A classic Japanese autumn soup, Matsutake Suimono (Clear Soup) is cooked with seasonal matsutake mushrooms, tofu and mitsuba herb in a clear dashi broth. It’s absolutely nourishing and packed with health benefits.
Matsutake Soup (松茸お吸い物) is a classic Japanese autumn soup with highly-prized fragrant matsutake mushrooms in clear dashi broth. This type of soup does not have miso paste, and is called Suimono or Osuimono which means “food you can sip”.
Watch How to Make Matsutake Clear Soup 松茸お吸い物の作り方
Matsutake Suimono is a classic Japanese autumn soup with fragrant seasonal matsutake mushrooms, tofu and mitsuba herb in clear dashi broth.
What is Matsutake Mushroom
If you are a seasoned mushroom forager or mushroom connoisseur, you’ve probably heard of matsutake mushroom. An aromatic mushroom found near specific species of pine tree, matsutake are large firm mushrooms that are ivory in color. In Japanese, matsu (松) means pine and take (茸) means mushroom. It has a very distinct taste and smell like no other food. Imagine a mushroom with extremely concentrated smell of pine wood. Matsutake holds a special place in the culinary world in Japan just like truffles are to French people. We also strongly believe that eating matsutake have many health benefits and one of it includes reducing the free radicals that lead to cancer.
The Japanese has many different preparations for this savory mushroom. One of the simplest ways to enjoy this prized mushroom is by simply grilling it and seasoned with only soy sauce and mirin. We also use it to infused other dishes like rice or chawanmushi.
In Japan, due to an issue with pine roundworm, the production has decreased over the past few decades. However the mushroom is also grown in other parts of the world. The ones I buy from the local market are from the US (Oregon/Washington areas).
Alternatives to Matsutake Mushroom
For this clear soup recipe, if you cannot find matsutake locally, you can substitute with other kind of mushrooms. You can also experiment with other ingredients you think that will work for a clear delicate soup. My recommendation is to choose ingredients with simple flavor as they can’t overpower the subtle yet rich flavor of dashi broth. Try to combine a nice selection of colors and shapes.
As for dashi, you can use convenient dashi powder instead of making the dashi soup base from scratch to save time. But for a simple dish like this where seasonings are minimal, good broth made from scratch will make a huge difference for the resulting flavor. For this simple homemade dashi recipe, I cut down some extra steps from my original dashi recipe. All you need is kombu and katsuobushi, and they are available at most Asian supermarkets and not necessarily just in Japanese supermarkets.
Looking at the image above, you might wonder about those cute little pink balls in the soup. They are called Temari Fu (手まり麩). Fu (麩) or Ofu (お麩) is wheat gluten that is often used as meat substitutes (read more details here). Temari is a traditional Japanese ball made by kimono scraps (see the photo below). I included these balls to add nice accent to the color of the soup. I brought these back from my Japan trip, and unfortunately this type of fu is hard to find outside of Japan.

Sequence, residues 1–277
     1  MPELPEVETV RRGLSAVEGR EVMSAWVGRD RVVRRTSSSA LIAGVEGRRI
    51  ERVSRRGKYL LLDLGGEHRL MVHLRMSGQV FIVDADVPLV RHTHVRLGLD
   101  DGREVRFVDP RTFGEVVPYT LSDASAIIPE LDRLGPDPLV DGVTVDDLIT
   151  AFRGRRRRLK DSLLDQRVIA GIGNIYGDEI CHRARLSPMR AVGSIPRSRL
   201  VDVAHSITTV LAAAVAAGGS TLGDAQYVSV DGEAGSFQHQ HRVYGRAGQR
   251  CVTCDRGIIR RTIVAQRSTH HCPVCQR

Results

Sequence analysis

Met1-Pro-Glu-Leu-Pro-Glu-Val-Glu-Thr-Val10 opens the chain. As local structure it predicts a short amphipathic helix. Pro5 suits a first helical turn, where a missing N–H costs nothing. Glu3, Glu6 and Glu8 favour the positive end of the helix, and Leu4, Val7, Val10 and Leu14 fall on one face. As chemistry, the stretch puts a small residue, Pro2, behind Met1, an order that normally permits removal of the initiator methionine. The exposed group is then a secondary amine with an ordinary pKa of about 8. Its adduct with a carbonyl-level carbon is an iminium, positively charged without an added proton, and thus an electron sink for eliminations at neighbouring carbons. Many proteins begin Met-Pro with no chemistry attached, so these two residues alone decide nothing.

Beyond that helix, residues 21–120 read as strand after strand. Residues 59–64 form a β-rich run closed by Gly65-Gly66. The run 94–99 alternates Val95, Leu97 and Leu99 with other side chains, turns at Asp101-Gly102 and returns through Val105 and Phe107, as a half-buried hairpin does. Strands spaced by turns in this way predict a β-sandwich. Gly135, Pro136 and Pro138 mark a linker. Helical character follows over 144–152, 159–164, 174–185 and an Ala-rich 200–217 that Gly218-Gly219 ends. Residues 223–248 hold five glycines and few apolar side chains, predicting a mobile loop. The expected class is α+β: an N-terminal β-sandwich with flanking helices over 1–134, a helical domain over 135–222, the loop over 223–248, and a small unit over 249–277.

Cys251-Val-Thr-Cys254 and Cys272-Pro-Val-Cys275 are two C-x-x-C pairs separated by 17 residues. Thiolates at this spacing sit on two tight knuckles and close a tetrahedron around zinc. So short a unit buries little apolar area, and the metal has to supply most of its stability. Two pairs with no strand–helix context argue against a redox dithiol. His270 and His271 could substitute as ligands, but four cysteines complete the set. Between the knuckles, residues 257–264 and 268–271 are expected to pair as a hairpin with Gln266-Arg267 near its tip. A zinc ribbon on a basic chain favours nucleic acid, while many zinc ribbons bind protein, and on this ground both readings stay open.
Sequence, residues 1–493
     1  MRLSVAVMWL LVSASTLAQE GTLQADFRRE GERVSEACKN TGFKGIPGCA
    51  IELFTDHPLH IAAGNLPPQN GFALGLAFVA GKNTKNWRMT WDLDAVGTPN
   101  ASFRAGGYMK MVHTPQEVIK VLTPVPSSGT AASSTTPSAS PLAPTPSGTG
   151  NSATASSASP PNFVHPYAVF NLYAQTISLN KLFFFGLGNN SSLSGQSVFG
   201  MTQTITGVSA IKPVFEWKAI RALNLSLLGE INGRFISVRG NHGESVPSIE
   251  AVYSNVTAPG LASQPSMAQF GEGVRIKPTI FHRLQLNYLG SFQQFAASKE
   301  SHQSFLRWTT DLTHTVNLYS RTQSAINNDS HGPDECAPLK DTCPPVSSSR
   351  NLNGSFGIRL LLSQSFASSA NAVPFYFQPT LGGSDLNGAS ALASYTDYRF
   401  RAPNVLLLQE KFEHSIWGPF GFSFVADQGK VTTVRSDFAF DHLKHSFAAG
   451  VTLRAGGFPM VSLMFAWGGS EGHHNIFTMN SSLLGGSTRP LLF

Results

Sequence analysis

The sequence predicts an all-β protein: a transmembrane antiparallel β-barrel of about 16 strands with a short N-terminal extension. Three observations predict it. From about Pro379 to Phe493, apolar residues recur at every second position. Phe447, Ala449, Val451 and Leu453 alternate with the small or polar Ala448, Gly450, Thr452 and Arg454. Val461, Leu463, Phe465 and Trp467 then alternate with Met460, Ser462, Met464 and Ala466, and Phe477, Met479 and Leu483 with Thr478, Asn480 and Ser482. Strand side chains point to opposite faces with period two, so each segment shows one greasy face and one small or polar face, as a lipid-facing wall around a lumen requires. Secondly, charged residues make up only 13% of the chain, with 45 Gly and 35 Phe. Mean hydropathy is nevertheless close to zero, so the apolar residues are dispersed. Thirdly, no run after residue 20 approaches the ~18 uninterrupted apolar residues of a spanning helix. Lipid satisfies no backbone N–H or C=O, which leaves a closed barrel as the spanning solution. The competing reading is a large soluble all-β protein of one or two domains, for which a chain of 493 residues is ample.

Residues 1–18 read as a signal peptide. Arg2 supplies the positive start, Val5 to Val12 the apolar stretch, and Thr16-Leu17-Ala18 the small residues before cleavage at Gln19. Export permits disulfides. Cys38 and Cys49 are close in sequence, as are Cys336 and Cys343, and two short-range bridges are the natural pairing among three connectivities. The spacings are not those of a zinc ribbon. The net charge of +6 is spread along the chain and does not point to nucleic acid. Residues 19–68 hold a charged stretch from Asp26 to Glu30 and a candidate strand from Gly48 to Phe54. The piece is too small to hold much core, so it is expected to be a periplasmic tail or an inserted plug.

Aren’t they beautiful? You can try making these gorgeous Temari Sushi!
Aromatic, healing, and cleansing, Matsutake Soup can literally warm you from head to heart when the weather is starting to cool down. I hope you enjoy the recipe as much as I do.
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- 1 Tbsp sake
- 2 tsp mirin
- 2 tsp soy sauce
- ½ tsp Kosher salt
Gather all the ingredients.
Clean the matsutake mushroom with damp paper towel. NEVER wash the mushroom. Shave off a thin sliver of the mushroom stem as if you are sharping a pencil with knife. Cut into thin slices.
Tie 2 mitsuba’s stalks into a knot. If you use scallion, finely slice it.
Gently clean the dashi kombu with a damp cloth but leave the white powdery substances which contribute to the umami flavor in dashi. Do not wash the kombu.
In a medium pot, put the kombu in the water. Heat up slowly on medium low heat. If you have time, soak for 3 hours or up to half day ahead of time. Kombu’s flavor comes out naturally from soaking in water.
When boiling, add the katsuobushi. Simmer for just 30 seconds and turn off the heat.
Strain the dashi through a sieve lined with a paper towel set over a bowl. Gently twist and squeeze the paper towel to release the extra dashi into the bowl.
Transfer the dashi to a saucepan and bring to a boil. Add the seasonings.
Cut tofu into small cubes and add to the soup. Then add sliced matsutake mushrooms and cook until ingredients are heated through, about 2-3 minutes.
Soak temari fu in water to hydrate. When temari fu is soft, squeeze water out and place it in a serving bowl.
Add mitsuba in the soup right before serving. Serve the soup into bowls.
Matsutake Mushroom: Use other kinds of mushrooms if matsutake is not available.
Recipe by Namiko Chen of Just One Cookbook. All images and content on this site are copyright protected. Please do not use my images without my permission. If you’d like to share this recipe on your site, please re-write the recipe and link to this post as the original source. Thank you.